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What made you choose a career in personal fitness training?
Exercise and specifically running did so much for me. It was one very important way to manage my depression. I felt strongly that I had to share that and help others.
How long have you been a Personal Trainer?
I started in 2012, a little bit after I moved from France to the US.
What made you choose the IFPA?
At the time I was working as a Sales Manager for Lifestyle Family Fitness (bought by LA Fitness) with the firm intention to become a certified trainer. A few PT of our staff were IFPA certified and told me positive things about it. I did my homework and realized it was rated as one of the top US organizations and one of the very few NCCA accredited. I pulled the trigger and never regretted it!
If you have taken more than our PFT course, what has been your favorite certification course?
Weight Management Instructor has been my favorite so far. I liked it for its practical dimension which is much more useful than a straight academical course.
What are some adjectives your clients would use to describe you?
Passionate, enthusiastic, encouraging, knowledgeable and mean, very mean.
What qualities set you apart from other personal trainers? Education, experience?
My experience in competitive running. In my opinion most of the US trainers don’t place the proper amount of importance on cardio. This component is as essential as resistance training and should be managed and supervised by the fitness professional which is very rarely the case. There is as much science behind cardio training as there is behind resistance training. Big mistakes can be made, and optimization requires a lot of knowledge. I emphasize and really coach on cardio.
What aspect of personal fitness training do you like most?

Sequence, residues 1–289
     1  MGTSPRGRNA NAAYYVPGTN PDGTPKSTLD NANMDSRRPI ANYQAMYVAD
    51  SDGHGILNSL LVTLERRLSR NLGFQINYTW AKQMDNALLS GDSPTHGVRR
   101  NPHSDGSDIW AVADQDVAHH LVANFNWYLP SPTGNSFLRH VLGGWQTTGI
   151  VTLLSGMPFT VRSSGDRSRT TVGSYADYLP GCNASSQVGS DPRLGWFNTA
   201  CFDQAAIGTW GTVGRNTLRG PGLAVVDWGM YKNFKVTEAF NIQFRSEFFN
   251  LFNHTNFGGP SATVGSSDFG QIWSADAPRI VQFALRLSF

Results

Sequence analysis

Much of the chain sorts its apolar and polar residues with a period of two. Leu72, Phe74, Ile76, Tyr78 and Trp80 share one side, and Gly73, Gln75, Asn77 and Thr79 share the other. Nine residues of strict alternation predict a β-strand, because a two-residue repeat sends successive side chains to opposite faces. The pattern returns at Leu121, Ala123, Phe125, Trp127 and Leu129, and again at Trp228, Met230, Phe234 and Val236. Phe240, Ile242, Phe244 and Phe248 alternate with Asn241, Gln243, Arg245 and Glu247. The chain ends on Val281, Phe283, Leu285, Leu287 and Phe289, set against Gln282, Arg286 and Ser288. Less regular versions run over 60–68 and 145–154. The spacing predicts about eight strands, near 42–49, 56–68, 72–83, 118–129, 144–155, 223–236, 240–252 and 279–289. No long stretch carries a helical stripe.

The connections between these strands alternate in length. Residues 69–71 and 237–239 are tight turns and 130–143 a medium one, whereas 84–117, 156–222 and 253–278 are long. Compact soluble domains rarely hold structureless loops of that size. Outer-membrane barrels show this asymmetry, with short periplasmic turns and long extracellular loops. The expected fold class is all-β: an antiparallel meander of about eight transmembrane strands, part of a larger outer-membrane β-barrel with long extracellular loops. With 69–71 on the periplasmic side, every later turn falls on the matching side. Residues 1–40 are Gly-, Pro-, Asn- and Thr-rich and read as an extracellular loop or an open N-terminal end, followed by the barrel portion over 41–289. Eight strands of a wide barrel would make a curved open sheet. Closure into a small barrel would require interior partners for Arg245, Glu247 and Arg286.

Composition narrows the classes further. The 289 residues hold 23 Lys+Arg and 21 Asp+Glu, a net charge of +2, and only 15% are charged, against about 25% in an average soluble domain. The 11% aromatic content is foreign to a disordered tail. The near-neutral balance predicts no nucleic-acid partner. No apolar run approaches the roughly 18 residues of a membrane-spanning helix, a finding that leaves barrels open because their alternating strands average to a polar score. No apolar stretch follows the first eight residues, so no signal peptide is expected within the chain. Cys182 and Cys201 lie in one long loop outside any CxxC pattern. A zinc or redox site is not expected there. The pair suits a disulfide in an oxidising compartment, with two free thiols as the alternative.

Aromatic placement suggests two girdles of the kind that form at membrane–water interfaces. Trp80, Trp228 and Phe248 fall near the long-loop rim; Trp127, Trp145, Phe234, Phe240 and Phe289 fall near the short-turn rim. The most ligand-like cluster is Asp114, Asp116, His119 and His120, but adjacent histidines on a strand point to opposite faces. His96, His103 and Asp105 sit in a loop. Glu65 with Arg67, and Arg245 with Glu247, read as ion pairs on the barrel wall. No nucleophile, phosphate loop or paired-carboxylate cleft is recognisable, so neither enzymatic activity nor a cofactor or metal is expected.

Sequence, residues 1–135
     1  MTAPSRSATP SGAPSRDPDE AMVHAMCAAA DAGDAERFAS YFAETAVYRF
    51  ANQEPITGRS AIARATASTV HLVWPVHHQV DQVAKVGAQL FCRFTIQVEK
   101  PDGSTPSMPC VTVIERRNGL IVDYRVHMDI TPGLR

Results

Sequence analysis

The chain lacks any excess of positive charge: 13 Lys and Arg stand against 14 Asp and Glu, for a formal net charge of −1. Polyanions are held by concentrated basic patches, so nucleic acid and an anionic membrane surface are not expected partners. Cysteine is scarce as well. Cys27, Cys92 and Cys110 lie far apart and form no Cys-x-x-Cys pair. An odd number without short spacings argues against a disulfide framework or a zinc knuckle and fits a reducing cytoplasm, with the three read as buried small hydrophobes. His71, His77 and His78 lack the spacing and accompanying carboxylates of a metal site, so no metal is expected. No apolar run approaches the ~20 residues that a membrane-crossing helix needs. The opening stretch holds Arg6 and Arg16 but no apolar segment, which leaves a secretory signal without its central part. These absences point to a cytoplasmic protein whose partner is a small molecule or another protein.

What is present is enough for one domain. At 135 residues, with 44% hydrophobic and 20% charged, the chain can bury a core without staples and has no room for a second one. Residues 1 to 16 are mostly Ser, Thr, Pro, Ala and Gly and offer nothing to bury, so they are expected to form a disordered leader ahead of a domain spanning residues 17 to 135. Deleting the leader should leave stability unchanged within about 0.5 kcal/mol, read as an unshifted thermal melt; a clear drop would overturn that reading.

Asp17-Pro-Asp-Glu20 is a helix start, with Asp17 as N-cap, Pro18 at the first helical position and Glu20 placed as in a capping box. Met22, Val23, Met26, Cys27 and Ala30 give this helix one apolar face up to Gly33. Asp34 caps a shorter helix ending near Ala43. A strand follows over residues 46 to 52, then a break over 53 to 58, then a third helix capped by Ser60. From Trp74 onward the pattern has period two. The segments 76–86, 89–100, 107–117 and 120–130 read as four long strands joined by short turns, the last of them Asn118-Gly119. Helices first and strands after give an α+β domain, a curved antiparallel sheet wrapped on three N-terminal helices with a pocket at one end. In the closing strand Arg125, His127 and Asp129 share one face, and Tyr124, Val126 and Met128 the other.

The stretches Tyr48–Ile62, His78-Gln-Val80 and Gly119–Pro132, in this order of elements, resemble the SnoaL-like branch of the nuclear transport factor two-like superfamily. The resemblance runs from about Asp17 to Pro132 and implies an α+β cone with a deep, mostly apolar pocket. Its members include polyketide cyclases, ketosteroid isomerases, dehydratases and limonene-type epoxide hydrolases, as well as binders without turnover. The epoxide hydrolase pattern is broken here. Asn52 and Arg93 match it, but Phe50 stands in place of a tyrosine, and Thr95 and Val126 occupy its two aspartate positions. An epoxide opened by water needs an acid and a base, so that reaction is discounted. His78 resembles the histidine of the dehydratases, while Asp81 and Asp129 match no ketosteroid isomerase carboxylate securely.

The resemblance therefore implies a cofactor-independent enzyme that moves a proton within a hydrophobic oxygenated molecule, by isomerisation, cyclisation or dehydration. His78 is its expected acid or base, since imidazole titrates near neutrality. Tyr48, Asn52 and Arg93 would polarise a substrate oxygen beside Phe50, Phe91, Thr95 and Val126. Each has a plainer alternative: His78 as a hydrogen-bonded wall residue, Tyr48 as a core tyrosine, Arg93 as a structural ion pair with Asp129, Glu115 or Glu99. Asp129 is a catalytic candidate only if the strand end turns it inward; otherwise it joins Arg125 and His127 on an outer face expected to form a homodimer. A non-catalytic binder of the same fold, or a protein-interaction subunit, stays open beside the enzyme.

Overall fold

I love seeing my clients improve and discover what they are capable of.
What is your best success story?
The client that I am the proudest of is a teenager named Gabrielle who was 12 when she started training. Other than the fact that she lost 35 pounds, what I enjoyed the most was to witness and encourage the development of her mindset. Gabrielle viewed exercise as a punishment initially, but it then became a tool to achieve her body transformation and now a way to express herself. From appearing to be miserable and a little negative, I saw an individual with big potential opening up. She is now a great wrestling athlete.
How has the PFT business changed since you started?
I see more diversity in the trainer’s profile. I think the big dude trainer cliché tends to be less prominent than a few years ago and that is a good thing.
How do you envision growing your personal training business?
I am fortunate to currently have a full schedule of clients and my stream of referrals always compensates for the natural turnover in the business. The next step will be to open my own gym. I envision the gym as a sizeable hybrid facility offering PT, group training and individual memberships.
What was the hardest challenge you had to overcome in your personal training career?
I always try to offer variety in my exercise program. Despite my efforts, occasionally a trainee does not respond positively to anything I have to offer. I learned in a few cases to admit that I as the trainer or the gym in general is not the proper fit. It is a difficult option but sometimes necessary to orientate someone to a different type of physical activity.
What is your best advice to someone just starting their career as a personal trainer?
You can be the best trainer but without a good marketing plan, you are setting yourself up for failure. Target your market and work on establishing a good local presence online. Invest time and energy to collect and publish testimonials on your social media sites. Be prepared to financially struggle the first year while you are building your business.